ND   JMC : History of Medieval Philosophy / by Maurice De Wulf

Patristic Philosophy.


93. General Features of Patristic Philosophy. -- The advent of Christianity gave a new direction to speculative studies. The Fathers of the Church had to indicate what were the dogmas of the Christian Religion and to preserve them from the heretical alloy of Jewish and Pagan doctrines; just as in another department they had to protect from schism the unity of discipline and ecclesiastical government. Bearing in mind that this was the chief aim of all Patristic speculation, we can understand at once that philosophy held only an incidental and secondary place in it, and that the choice of the questions discussed was usually determined by the exigencies of polemics.

Hence it is that Patristic philosophy is a religious philosophy, -- subservient to dogma: not only in the sense that dogma excels philosophy as revelation excels reason, but also in the sense that philosophy is considered to have no other general function than that of assisting dogma with its own proper teaching. This attitude merely continued the tradition of the contemporary Neo-Platonic schools, which in like manner confounded philosophy with religion (cf. 85, 86).

The Fathers study preferably the problems connected with Christian dogma. Although Christ is not regarded as the head of a school of philosophy, still the religion He founded offers us solutions on quite a number of the questions which philosophy proposes and solves by other methods.{1} We may note, for example: God's supremacy over the world; creation; providence; the essential dependence of man on God; the individuality of things; the finality of the universe; the distinction of soul and body; personal immortality.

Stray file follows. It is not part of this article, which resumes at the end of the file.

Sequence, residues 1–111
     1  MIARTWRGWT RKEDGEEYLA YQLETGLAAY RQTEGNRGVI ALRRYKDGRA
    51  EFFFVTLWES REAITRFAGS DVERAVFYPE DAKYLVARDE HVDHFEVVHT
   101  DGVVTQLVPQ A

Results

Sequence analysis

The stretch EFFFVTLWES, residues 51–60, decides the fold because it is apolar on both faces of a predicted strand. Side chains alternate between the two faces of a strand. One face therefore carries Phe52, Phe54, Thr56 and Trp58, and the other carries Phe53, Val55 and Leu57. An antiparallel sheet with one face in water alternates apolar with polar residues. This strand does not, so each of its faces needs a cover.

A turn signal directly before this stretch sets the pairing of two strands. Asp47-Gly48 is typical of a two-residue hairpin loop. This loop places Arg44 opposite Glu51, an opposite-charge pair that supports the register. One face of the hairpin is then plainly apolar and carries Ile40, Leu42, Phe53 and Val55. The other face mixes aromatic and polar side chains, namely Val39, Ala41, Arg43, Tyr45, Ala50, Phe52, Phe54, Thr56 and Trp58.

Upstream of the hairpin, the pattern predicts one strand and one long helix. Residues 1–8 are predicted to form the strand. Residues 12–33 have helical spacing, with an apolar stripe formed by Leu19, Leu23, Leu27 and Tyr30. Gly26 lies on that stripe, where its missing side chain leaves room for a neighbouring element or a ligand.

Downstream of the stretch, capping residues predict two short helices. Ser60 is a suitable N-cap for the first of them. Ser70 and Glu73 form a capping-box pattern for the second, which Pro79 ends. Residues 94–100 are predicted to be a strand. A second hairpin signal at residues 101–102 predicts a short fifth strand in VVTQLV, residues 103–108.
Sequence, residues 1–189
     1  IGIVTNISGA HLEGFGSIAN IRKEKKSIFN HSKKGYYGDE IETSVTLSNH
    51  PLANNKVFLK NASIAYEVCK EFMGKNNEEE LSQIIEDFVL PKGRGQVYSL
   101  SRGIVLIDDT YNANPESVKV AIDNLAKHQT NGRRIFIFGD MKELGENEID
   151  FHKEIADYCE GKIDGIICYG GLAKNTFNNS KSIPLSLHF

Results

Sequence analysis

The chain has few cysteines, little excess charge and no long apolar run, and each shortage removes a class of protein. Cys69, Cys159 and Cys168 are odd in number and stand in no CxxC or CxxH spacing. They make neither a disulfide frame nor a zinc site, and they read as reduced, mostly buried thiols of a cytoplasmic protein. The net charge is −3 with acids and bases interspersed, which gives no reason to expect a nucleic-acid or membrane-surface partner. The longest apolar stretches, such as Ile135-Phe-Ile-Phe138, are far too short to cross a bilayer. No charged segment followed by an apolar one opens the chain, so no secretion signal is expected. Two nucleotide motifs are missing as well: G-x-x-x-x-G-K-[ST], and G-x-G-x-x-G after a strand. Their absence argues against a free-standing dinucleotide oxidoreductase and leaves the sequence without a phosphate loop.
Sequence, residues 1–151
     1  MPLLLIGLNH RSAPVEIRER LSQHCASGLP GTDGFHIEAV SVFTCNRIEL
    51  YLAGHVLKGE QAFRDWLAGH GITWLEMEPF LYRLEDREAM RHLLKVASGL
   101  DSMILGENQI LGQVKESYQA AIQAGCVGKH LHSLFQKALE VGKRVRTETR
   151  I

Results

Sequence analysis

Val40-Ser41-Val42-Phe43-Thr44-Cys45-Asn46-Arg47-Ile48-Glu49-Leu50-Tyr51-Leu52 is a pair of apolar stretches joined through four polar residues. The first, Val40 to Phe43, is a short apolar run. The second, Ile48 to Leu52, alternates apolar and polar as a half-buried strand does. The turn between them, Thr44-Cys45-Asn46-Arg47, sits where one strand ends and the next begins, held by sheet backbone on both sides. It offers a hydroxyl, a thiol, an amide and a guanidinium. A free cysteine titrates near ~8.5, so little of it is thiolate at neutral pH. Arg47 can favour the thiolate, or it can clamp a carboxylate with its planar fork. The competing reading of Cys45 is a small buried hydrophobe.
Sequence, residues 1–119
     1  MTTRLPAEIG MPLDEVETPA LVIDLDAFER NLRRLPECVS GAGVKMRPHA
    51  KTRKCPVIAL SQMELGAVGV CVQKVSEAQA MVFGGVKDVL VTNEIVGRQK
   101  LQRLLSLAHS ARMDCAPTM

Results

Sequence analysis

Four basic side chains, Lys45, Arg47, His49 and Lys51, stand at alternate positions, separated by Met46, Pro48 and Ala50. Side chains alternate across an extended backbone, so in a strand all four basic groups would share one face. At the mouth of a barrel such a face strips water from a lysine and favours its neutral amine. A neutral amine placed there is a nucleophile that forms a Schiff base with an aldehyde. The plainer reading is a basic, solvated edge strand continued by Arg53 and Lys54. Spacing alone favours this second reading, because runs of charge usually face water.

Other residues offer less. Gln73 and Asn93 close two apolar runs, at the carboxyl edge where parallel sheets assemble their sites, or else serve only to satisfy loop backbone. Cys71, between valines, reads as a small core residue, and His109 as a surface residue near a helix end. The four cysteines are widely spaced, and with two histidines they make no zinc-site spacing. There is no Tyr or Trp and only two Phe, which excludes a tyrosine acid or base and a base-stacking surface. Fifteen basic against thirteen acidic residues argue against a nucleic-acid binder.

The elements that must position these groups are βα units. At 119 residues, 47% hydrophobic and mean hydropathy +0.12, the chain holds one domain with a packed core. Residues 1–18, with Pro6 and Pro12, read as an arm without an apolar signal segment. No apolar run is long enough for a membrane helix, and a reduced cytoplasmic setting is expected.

Owing to the very fact that their philosophic labours were fragmentary and incidental, the Fathers of the Church never succeeded in building up a harmonious system of organically connected doctrines. We have no Patristic synthesis to compare with the later Scholastic synthesis. Of course the new teachings of Christianity on a few of the problems discussed by philosophy found credence with all, and so far constituted a unifying element. But those few points were unable to effect a general synthesis moreover, in the interpretation even of them we can perceive a wide diversity of thought.

Patristic Philosophy was propagated in a civilization permeated with Grecian ideas, and was influenced by them. In this way it became attached to a waning world-view ; it fostered and perpetuated an old-time mentality. Its writers were influenced, in varying degrees, by the then prevalent doctrines of the Neo-Platonists. Through the medium of these latter they inherited more or less of Plato's spiritualism, which they endeavonred to interpret consistently with Catholic doctrine. They took isolated tenets from Aristotle, but, in the main, distrusted or repudiated his theodicy, physics and psychology. They also borrowed theories from Pythagoras and Socrates, from Seneca, Cicero and Philo Judaeus.

{1} This is true of every religion, for many questions dealt with hy religion also belong to the domain of philosophy. The material object, in the case of philosophy and religion, is in part common to both.

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